John Knowles American Literature Analysis
A view occasionally voiced among literary critics is that most writers have but a single message to share, and they simply repeat it in various guises from work to work throughout their writing careers. Such a judgment might be made concerning the majority of the novels and short stories of John Knowles. In his extended nonfiction piece Double Vision: American Thoughts Abroad, he asserts that “the American character is unintegrated, unresolved, a careful Protestant with a savage stirring in his insides.” Knowles views life in American, Western culture as having “an orderly, rather dull and sober surface but with something berserk stirring in its depths.” It is this duality of character, this coexistence of the moderate, the gentle, and proper with the treacherous urge to destroy what cannot be controlled, that Knowles repeatedly presents to his readers for their understanding.
Knowles has placed his novels in settings that influenced his own worldview. He has made repeated use of the emotionally charged environment of boarding institutions such as he attended during his secondary and college years, finding there an ideal milieu for illustrating the effects of cultural duality. In such settings, characteristically ricocheting between the opposing demands of undisciplined and frequently cruel peer expectations and constrictive adult regulations, he found a microcosm of the wider society he wished to illustrate.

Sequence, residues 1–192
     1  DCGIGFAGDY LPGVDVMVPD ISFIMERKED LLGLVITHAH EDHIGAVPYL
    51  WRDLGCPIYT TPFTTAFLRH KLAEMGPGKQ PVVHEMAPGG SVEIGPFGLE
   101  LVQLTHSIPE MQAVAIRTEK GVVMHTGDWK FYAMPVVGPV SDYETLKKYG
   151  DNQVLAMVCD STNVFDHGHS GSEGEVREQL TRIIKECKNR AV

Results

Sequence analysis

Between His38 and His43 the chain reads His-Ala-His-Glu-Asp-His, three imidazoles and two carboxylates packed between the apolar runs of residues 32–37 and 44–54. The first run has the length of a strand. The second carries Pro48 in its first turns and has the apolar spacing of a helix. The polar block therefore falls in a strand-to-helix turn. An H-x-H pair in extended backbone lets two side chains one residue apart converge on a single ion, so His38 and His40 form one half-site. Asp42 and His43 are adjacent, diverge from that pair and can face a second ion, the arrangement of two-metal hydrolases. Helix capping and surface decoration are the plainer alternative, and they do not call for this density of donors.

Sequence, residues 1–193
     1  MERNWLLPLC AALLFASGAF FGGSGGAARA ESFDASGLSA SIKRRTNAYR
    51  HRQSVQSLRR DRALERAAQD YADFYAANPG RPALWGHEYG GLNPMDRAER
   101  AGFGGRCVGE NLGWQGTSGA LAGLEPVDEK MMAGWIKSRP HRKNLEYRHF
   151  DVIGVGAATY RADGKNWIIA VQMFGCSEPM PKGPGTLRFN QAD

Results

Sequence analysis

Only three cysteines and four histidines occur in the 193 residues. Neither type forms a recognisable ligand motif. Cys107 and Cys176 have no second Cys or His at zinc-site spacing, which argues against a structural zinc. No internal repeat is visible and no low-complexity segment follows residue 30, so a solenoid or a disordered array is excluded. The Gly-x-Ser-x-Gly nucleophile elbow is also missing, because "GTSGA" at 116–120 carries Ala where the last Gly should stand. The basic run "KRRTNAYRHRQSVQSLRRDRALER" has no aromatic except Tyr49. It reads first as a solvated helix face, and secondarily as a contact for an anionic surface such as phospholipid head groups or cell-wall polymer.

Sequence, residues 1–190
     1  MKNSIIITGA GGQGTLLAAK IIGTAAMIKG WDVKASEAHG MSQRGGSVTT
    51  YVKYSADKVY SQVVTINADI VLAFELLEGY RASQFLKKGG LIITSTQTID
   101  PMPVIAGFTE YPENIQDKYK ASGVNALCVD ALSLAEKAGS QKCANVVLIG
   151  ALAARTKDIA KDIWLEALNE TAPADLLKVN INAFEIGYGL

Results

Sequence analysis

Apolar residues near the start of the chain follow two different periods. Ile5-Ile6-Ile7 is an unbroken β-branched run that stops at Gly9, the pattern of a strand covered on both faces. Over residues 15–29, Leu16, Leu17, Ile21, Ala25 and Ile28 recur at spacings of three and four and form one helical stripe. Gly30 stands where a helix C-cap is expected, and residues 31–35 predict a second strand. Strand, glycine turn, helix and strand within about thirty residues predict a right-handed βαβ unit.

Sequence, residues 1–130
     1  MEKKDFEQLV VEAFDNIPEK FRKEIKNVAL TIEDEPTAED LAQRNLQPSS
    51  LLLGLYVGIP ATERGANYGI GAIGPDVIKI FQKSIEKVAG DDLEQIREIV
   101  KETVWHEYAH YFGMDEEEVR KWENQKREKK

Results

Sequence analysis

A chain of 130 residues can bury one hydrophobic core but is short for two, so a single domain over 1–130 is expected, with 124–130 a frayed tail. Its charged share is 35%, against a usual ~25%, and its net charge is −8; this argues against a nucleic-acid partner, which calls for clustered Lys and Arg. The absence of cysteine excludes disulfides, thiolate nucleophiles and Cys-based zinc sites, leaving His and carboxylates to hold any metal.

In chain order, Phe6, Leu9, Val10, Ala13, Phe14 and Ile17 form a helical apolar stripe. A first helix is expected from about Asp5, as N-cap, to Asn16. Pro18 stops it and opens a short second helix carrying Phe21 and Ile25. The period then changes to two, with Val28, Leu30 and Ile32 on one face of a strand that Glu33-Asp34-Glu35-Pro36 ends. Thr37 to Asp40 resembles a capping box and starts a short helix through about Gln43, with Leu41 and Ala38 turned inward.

(The entire section is 2960 words.)
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